Title

Early Formula Feeding Practices and Their Potential Contribution To Later Obesity Risk

Document Type

Presentation

Rights

This item is available under a Creative Commons License for non-commercial use only

Disciplines

Health care sciences and services, Health policy and services, Nutrition, Dietetics

Publication Details

Tarrant RC, Sheridan-Pereira M, Younger K & Kearney J (2012) Early formula feeding practices and their potential contribution to later obesity risk. Archives of Disease in Childhood 97: Suppl 2, A411-A412 (doi: 10.1136/archdischild-2012-302724.1448)

Direct link: http://adc.bmj.com/content/97/Suppl_2/A411.4.abstract?sid=07d298f0-4d78-43d8-a180-56f5c7ed214f

Abstract

Background and Aims: Early feeding practices, including early introduction to solid foods and overfeeding, are known risk factors for childhood obesity. This study aimed to assess maternal formula feeding practices and infant formula feeding patterns, factors that are known to potentially contribute to later obesity risk.

Methods: This prospective observational study involved the recruitment and follow-up of 450 eligible mother-infant pairs to 6 weeks postpartum. Data related to formula milk consumption patterns, formula type/brand changing, additions of solid foods to bottle feeds were examined, and available infant weight measurements at 6 weeks recorded.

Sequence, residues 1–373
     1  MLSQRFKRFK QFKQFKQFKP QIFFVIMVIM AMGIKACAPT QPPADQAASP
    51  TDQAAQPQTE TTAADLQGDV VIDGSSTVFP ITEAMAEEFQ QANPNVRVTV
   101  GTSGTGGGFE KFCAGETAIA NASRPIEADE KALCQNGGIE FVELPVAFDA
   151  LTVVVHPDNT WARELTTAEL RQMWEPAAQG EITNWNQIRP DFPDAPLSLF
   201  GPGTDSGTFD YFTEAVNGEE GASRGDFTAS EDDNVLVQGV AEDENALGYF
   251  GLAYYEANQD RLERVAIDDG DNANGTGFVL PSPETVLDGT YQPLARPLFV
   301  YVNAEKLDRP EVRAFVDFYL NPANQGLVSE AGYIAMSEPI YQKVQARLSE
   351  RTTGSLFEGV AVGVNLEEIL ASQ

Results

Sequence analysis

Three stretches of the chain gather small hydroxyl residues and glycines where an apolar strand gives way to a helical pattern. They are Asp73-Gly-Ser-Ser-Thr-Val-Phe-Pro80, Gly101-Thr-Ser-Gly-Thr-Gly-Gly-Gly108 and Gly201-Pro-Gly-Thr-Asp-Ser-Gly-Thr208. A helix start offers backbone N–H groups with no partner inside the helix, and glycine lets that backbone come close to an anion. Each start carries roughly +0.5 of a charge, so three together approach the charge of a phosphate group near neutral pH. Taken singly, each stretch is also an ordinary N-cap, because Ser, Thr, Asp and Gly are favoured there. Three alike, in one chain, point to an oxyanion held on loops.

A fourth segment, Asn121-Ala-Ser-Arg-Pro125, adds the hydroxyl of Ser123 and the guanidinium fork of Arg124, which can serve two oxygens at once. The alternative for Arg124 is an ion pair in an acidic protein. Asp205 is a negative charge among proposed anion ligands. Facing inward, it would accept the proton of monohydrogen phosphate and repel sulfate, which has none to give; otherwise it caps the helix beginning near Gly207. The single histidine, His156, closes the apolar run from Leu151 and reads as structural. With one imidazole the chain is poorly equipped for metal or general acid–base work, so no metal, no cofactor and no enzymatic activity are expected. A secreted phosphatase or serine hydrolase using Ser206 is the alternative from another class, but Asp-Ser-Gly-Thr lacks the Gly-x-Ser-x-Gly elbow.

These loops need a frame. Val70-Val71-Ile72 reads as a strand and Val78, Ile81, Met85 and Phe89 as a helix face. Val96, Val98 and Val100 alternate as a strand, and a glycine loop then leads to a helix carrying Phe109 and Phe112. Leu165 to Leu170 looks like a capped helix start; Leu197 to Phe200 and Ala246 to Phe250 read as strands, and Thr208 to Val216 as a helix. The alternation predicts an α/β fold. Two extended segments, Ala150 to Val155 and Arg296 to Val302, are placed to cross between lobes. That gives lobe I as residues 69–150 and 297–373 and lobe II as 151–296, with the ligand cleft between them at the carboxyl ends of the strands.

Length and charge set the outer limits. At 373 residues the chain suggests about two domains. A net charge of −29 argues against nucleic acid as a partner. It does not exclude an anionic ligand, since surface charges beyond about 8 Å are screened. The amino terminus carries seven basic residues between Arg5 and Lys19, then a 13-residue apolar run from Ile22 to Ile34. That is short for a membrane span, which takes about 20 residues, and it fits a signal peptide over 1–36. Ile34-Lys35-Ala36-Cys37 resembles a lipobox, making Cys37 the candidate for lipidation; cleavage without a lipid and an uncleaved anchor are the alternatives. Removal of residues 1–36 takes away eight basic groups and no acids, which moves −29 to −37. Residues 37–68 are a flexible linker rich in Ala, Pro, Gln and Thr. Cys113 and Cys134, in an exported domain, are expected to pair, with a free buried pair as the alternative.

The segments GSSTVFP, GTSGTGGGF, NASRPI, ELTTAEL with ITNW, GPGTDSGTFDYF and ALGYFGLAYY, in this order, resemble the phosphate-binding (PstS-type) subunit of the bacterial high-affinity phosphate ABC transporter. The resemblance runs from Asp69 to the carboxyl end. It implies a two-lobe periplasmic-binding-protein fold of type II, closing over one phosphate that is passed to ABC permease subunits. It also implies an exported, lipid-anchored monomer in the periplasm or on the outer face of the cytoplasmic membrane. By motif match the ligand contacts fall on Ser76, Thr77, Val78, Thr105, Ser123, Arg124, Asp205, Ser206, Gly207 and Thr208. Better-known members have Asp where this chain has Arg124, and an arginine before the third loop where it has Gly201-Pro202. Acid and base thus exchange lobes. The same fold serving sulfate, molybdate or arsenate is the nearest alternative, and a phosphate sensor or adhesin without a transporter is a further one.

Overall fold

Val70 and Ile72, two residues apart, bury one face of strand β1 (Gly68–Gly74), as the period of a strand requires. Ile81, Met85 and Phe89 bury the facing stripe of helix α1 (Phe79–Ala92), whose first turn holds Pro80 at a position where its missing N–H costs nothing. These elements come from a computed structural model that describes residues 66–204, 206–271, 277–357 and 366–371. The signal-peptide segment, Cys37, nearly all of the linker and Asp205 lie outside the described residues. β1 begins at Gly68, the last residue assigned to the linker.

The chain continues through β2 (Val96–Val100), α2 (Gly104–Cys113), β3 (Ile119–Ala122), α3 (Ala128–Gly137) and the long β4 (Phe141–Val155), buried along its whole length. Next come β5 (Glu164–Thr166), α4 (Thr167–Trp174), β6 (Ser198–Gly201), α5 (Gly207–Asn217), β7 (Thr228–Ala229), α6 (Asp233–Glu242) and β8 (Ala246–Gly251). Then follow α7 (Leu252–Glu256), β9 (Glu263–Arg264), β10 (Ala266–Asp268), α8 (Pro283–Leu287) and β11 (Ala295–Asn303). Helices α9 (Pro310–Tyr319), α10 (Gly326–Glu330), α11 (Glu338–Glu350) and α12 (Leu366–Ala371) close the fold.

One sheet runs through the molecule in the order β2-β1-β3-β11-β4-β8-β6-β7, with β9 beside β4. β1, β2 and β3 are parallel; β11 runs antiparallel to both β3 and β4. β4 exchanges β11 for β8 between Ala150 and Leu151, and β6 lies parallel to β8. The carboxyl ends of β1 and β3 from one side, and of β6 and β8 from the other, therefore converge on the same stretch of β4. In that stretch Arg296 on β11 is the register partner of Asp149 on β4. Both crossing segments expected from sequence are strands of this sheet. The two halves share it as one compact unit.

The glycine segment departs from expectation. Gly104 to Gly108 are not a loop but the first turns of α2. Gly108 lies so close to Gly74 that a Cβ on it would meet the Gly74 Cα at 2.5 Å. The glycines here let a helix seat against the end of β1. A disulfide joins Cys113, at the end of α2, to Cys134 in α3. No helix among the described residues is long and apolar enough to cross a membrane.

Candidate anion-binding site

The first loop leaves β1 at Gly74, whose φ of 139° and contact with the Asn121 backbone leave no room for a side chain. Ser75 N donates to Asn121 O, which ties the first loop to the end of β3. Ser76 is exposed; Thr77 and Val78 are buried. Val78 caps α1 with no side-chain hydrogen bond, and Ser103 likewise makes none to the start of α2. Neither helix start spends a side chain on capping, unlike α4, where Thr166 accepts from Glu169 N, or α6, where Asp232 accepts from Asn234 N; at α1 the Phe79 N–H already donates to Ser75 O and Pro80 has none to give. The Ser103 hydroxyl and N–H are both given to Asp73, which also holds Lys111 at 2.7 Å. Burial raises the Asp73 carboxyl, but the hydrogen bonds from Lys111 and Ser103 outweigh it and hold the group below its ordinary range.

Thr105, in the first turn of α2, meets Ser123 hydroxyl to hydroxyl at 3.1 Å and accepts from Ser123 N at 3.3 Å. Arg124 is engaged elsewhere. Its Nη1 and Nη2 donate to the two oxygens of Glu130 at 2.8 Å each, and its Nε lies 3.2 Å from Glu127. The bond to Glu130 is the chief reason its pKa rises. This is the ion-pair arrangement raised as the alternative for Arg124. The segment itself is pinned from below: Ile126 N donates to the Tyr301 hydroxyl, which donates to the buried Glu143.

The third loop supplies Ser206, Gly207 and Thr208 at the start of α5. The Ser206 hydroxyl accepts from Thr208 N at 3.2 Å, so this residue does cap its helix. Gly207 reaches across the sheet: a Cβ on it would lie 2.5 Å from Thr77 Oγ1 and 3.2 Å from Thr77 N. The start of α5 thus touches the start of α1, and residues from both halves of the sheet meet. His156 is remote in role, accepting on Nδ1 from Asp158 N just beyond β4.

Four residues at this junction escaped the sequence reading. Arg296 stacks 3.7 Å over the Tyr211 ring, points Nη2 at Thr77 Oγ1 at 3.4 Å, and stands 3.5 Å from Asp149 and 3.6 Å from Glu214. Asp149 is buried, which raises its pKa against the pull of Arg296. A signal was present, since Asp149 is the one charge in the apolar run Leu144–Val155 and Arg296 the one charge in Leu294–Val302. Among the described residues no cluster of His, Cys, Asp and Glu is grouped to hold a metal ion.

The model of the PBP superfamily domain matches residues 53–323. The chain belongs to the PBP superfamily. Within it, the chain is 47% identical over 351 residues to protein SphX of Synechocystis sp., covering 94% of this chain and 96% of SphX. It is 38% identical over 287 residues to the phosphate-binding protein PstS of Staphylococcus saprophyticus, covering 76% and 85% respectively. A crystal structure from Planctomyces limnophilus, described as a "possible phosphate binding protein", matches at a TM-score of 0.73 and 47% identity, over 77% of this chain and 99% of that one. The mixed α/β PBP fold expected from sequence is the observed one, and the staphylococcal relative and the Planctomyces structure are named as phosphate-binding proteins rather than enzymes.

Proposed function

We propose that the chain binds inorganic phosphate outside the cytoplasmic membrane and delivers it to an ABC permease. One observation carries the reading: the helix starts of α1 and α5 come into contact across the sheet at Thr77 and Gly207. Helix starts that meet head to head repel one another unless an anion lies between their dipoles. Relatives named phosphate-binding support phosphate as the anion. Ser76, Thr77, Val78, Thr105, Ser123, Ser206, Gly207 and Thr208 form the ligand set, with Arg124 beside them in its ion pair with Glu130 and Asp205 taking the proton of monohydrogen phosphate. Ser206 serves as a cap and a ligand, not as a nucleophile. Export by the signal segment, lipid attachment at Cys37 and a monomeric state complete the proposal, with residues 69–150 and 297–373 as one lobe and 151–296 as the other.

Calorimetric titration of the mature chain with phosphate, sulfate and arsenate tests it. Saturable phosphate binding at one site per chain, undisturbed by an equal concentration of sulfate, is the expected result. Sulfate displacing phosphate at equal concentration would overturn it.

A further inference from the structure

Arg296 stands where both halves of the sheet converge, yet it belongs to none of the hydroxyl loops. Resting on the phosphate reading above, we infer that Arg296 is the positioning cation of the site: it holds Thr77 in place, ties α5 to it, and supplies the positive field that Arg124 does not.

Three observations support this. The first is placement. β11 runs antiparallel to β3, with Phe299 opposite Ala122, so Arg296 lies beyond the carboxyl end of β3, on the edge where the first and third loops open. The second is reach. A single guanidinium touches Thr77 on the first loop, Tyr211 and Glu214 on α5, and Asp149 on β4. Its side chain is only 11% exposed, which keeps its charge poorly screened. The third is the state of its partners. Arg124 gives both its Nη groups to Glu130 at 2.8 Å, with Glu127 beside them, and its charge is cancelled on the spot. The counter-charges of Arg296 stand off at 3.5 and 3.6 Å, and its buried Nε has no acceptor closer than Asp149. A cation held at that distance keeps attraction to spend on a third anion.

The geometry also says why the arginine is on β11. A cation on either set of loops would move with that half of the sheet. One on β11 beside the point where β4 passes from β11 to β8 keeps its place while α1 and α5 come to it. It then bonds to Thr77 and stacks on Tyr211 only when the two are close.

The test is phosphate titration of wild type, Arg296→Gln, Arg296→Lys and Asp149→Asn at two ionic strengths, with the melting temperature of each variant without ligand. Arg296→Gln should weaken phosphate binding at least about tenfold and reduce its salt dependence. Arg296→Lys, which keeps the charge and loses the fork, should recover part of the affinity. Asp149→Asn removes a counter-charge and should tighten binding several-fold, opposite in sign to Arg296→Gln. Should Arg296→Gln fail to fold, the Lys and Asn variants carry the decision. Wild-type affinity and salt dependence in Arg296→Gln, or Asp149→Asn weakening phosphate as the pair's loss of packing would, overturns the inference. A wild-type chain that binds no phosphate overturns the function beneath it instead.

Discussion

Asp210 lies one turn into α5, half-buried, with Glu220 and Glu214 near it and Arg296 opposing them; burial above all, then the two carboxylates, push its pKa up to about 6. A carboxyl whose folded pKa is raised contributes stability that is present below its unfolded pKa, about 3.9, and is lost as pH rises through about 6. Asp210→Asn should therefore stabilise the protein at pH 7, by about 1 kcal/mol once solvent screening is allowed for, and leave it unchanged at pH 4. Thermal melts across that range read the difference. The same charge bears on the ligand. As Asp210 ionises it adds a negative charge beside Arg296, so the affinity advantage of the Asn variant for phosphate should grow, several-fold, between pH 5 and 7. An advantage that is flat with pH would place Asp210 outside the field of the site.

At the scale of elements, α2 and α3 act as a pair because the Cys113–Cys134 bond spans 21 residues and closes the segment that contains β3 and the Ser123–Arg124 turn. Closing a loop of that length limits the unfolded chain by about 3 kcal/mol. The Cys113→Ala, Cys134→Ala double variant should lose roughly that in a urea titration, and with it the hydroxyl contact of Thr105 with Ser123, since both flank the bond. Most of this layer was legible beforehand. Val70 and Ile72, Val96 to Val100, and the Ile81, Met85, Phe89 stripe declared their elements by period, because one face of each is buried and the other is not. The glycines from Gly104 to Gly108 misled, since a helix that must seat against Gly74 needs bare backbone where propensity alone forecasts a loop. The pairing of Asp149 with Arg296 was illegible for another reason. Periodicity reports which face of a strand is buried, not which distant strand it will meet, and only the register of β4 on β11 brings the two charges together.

Results: In total, 368 (81.8%) mothers provided any formula milk to their infants at 6 weeks; of these, 14 (3.8%) reported to adding solid foods to their infant’s bottle feeds. Almost 50% of formula feeding mothers (n = 181) reported to changing their infant’s formula type/brand at least once during the first 6 weeks, mainly due to increased hunger and feeding frequency (2-3 hourly) (54.8%). Where 6 week infant weight measurements were available (n = 184), a mean of 205ml (SD 45ml) of formula milk/kilogram body weight/day was consumed by these infants.

Conclusion: Several formula feeding practices with potential implications for later obesity risk were identified in this study including premature introduction to solids (≤ 6 weeks) and consumption of excessive formula milk volumes at 6 weeks relative to infant feeding guidelines. Early provision of recommended feeding guidelines including specific advice on age-appropriate milk volumes to parents who formula feed should be considered in obesity prevention programmes.

DOI

10.1136/archdischild-2012-302724.1448